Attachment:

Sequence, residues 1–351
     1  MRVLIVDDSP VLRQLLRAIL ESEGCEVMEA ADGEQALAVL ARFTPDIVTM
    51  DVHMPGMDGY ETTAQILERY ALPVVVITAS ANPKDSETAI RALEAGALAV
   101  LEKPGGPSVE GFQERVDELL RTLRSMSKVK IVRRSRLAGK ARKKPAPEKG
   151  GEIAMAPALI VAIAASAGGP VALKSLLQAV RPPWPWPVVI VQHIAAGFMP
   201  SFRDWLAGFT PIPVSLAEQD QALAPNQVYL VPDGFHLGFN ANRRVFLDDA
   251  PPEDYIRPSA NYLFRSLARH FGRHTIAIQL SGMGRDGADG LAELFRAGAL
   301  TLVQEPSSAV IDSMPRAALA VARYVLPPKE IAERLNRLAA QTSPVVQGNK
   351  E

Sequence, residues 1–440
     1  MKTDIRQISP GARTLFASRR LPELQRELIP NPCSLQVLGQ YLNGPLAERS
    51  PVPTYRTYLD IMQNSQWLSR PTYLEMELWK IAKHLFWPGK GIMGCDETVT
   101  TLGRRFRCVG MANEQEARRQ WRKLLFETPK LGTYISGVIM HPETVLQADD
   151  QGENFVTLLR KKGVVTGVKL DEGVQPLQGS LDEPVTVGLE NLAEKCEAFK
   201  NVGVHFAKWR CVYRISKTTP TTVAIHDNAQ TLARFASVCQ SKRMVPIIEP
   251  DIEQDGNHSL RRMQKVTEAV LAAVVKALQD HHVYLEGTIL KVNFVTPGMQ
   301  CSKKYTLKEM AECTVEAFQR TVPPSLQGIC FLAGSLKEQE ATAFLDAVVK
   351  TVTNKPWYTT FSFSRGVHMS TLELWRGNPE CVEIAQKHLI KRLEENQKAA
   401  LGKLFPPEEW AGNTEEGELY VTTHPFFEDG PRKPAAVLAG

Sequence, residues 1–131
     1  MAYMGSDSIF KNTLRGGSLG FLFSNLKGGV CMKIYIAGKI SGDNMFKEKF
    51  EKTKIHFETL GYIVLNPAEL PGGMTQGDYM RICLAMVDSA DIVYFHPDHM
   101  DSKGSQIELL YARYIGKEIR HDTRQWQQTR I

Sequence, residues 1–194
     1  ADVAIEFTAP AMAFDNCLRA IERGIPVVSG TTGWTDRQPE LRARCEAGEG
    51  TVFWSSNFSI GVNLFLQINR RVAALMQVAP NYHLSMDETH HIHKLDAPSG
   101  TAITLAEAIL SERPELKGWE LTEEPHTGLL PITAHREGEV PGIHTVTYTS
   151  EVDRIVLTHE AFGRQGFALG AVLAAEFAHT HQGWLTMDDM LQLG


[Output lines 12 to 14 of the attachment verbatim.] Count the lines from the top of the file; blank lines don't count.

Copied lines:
    51  PVPTYRTYLD IMQNSQWLSR PTYLEMELWK IAKHLFWPGK GIMGCDETVT
   101  TLGRRFRCVG MANEQEARRQ WRKLLFETPK LGTYISGVIM HPETVLQADD
   151  QGENFVTLLR KKGVVTGVKL DEGVQPLQGS LDEPVTVGLE NLAEKCEAFK